Calcium deposits are seen in the basal ganglia of the brain. This occurs due to genetic defects in calcium deposition. Brain calcifications show symptoms like involuntary tensing of muscles, uncontrolled movements, unsteady gait, slow movement, and tremors. People can experience dementia, psychosis, loss of memory, seizures, low concentration, and difficulty in speech. The line of treatment includes speech therapy, stress management, oral medications like Benzodiazepines, Anticholinergics, injections, and surgical treatment if needed.

Teeth Calcification:

Calcium is the major component of teeth. However, excess calcium deposits can be found in the pulp tissue or around the roots. These calcifications can cause difficulty during dental procedures, like root canals and extractions.

Pancreatic Calcification:

Calcification can occur in the pancreas due to chronic infection or inflammation. It can be controlled by avoiding alcohol or smoking. Symptomatic relief can be obtained with the use of pain medications.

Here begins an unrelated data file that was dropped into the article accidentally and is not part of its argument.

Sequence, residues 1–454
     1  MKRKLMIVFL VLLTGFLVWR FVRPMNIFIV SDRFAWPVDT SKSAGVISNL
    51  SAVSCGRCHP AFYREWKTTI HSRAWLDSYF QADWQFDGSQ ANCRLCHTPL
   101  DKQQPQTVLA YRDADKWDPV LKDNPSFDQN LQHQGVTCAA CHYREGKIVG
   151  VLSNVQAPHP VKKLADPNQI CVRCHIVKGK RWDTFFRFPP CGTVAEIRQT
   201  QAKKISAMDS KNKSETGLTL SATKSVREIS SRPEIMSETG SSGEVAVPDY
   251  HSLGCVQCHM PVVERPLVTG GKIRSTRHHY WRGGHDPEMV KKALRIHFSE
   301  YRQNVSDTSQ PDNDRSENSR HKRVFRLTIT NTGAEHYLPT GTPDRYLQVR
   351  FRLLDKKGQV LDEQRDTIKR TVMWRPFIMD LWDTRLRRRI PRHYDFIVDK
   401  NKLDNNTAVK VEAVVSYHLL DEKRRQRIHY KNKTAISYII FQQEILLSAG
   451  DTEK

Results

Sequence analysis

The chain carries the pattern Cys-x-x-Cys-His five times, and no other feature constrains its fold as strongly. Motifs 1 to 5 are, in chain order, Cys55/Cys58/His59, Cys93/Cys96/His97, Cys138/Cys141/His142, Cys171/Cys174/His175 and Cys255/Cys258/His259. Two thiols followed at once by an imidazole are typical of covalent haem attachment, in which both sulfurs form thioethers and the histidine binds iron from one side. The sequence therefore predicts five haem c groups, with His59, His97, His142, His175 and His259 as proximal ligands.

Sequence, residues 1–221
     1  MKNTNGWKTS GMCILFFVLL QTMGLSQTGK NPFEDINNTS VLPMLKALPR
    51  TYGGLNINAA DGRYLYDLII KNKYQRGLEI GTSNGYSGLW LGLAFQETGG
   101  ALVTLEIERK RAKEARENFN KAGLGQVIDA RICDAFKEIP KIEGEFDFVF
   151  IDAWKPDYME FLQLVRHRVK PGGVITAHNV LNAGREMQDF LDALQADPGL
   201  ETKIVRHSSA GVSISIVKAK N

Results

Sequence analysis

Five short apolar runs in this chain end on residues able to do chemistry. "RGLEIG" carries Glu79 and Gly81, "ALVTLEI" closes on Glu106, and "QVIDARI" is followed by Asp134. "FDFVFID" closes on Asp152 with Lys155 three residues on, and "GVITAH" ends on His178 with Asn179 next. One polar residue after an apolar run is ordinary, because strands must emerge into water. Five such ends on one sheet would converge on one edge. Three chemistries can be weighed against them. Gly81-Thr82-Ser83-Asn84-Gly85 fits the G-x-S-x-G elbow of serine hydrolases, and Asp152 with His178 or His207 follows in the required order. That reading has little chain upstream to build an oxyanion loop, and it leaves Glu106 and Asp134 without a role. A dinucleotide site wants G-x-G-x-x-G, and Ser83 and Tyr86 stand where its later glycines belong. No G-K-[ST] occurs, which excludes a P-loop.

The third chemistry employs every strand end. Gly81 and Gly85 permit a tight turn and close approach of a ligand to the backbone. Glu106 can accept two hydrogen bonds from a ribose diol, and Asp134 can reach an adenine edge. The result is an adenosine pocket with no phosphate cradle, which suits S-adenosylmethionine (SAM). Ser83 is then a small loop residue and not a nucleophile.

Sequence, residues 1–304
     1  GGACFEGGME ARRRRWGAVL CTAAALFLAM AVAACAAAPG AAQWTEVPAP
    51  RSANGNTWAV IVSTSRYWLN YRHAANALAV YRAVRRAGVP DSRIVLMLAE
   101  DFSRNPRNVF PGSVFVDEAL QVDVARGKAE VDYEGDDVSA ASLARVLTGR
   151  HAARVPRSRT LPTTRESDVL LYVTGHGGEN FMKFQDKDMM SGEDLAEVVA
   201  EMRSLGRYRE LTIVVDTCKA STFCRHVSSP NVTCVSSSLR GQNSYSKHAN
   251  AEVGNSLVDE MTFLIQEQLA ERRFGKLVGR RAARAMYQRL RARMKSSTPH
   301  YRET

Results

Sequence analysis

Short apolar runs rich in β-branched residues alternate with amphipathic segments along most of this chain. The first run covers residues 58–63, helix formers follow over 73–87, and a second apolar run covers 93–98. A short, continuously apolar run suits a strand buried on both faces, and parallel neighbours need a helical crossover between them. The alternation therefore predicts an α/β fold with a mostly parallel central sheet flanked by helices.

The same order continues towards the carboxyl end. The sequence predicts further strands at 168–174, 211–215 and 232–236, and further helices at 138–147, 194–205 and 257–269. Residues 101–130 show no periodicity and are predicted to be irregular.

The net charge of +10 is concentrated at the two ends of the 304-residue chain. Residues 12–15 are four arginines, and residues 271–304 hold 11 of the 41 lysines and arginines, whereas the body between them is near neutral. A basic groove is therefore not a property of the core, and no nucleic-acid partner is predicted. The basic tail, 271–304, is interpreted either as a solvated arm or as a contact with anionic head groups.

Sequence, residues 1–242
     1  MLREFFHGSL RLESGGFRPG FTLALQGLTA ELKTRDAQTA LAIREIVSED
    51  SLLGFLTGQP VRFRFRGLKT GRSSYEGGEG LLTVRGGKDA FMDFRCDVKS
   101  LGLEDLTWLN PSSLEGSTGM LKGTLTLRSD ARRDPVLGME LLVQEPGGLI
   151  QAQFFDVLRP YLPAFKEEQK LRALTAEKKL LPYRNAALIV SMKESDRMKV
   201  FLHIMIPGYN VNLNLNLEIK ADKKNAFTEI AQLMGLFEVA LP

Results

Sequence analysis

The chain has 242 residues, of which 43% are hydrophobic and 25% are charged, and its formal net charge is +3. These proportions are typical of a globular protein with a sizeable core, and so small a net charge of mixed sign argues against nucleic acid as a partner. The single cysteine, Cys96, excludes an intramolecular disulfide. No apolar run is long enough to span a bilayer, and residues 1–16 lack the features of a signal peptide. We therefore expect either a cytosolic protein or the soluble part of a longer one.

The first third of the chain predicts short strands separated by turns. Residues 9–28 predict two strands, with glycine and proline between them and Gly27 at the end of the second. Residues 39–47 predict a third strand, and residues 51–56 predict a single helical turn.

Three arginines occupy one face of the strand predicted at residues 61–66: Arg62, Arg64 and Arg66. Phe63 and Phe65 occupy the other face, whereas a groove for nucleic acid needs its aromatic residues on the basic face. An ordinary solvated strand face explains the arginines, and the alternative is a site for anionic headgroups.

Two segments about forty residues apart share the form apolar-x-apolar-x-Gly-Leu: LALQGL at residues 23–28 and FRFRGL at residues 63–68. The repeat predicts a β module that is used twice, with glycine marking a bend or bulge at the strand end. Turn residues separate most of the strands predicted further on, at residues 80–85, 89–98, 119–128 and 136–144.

How to Treat Calcifications?

Treatment of calcification depends upon the position of the deposit, the cause of the deposit, and the risks involved in treatment. Once the calcific deposits are diagnosed, routine follow-ups are required.

  • Minor calcifications in the artery do not require any treatment.

  • Calcified deposits in the heart valve require surgical intervention.

  • Calcium buildup in kidneys can be treated with medications like Diuretics which will help to break down the calcium deposits.

  • Calcium deposits in joints and tendons can decrease the range of motion. Treatment in such cases is anti-inflammatory medications and cold fomentations.

  • Surgery can be required if symptoms are not relieved.

How to Prevent Calcifications?